11 QUICK TIPS FOR EXERCISING YOUR HORSE IN WINTER

Saddled up with the urge to go into winter hibernation mode? Well, your horse may have other ideas! Unless it is unsafe to do so, you should try to keep up your horse’s routine and exercise throughout the colder months to prevent injury and boredom. 

Here at The Insurance Emporium, we understand this can be a bit of a challenge which is why we have compiled 11 quick tips on exercising your horse throughout the colder months.

WARMUP & COOLDOWN YOUR HORSE

Be prepared to adapt your warmup and cooldown routine for the winter months. By ensuring that you take the time to warm up and cool down your horse, you can reduce the chance of it suffering from serious ligament injuries caused by the cold weather. 

It usually takes longer for your horse’s joints to loosen up in cool conditions, so double the time of your warmup. At the end of your ride, ensure that your horse has cooled down by spending 10-15 minutes slowing its heart rate and breathing with light stretches. Ensure that there is no sweat left on its body before rugging and turning out. 

CLIP YOUR HORSE

As winter comes into full force, your horse’s coat tends to become thicker to help protect them from the elements. Nonetheless, if you plan on exercising your horse over the colder months, clipping their coat may be advised. This helps body heat escape, preventing them from becoming too sweaty when exerting themselves. 

A heavy unclipped winter coat can take a few hours to dry. This could result in your horse developing a cold or another ailment as the moisture clings to their body. In contrast, it is easier for you to dry the sweat off a clipped coat, meaning that your horse is less likely to become ill as it isn’t wet for hours.

HOOF CARE

Your horse’s hooves face several challenges during winter. Your farrier should be able to recommend the most appropriate footing for your horse depending on the duration spent outdoors, the terrain, and how much exercise they are having.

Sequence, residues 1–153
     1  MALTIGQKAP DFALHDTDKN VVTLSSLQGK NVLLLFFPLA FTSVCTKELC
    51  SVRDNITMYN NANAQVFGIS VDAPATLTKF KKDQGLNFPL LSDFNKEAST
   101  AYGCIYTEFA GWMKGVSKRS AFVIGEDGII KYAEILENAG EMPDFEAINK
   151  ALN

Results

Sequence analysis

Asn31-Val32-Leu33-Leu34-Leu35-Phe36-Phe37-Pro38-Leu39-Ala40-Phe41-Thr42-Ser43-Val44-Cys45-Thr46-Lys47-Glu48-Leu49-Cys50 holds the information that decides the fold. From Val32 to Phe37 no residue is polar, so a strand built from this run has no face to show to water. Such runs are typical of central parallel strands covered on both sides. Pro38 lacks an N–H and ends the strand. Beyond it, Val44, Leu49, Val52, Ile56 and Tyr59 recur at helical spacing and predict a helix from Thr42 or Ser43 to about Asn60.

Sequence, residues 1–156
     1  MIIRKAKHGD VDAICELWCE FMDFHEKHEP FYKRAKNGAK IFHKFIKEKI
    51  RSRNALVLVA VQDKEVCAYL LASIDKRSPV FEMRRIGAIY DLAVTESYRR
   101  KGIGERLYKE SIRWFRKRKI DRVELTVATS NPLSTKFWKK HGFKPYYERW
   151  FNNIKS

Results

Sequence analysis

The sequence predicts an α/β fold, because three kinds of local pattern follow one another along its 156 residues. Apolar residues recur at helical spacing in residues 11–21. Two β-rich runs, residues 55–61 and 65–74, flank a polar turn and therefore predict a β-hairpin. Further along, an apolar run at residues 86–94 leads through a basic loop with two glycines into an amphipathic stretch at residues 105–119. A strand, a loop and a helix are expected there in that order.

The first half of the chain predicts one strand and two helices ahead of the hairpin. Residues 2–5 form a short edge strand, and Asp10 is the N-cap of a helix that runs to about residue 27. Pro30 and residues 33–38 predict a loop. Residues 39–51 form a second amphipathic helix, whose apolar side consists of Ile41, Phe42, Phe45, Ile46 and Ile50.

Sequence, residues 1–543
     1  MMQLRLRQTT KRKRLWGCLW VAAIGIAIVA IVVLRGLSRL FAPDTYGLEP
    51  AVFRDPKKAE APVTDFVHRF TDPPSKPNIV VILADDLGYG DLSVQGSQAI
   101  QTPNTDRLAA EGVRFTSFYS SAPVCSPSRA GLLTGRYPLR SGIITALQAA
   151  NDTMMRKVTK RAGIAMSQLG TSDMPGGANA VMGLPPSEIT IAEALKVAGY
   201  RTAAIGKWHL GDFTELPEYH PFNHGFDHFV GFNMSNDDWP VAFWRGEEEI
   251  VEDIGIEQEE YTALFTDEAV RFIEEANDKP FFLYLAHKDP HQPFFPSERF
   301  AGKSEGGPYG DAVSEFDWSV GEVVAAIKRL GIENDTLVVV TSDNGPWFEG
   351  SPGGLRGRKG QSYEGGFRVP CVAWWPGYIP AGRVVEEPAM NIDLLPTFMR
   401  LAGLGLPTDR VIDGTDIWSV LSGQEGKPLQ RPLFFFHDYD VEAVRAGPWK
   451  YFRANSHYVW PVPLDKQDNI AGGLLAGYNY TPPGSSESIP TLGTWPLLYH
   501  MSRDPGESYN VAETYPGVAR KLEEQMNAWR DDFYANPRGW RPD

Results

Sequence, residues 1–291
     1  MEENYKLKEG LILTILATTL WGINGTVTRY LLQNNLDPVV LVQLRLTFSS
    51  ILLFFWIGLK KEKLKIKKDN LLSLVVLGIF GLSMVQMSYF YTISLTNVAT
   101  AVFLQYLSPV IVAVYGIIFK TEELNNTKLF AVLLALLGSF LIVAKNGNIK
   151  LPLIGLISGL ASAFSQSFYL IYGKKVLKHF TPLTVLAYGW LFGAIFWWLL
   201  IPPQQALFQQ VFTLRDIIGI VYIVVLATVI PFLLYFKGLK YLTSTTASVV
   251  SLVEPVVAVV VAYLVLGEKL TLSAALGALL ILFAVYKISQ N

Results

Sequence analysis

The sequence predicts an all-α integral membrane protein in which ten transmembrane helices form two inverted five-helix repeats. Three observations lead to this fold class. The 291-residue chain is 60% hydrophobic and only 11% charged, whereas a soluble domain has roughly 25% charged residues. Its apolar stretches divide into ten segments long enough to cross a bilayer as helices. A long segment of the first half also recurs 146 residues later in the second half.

Some owners decide to remove the horses’ shoes during winter, if riding is kept to a minimum. However, if you plan on exercising your horse, you may want to consider special pads and ice caulks which can help stabilise your horse on slippery ground. You can keep your horse’s hooves in good condition by picking out their feet twice a day and cleaning mud off them whenever possible.  

ASSESS YOUR HORSES PHYSICAL CONDITION

Consider your horse’s physical condition when planning their winter exercise programme. Take into account their fitness level and pre-existing illnesses, so you can create a plan that ensures your horse is safe but motivated throughout the dark and cold days. Keep your schedule realistic and be prepared to adapt it depending on weather conditions. If you suspect that your horse may be injured or unwell, get in touch with a vet immediately.

FREQUENT EXERCISE

Keeping your horse active is important for both their physical and mental wellbeing. Don’t wait until the weekend to get your horse moving, exercising your horse little and often is much better than vigorous amounts of exercise over a couple of days.

If you really can’t work your horse, think about some brain training games that you can do together. You never know your horse may be a puzzle master! If your equine struggles for motivation on even the best of days, then it may help to check out our guide on training a stubborn horse.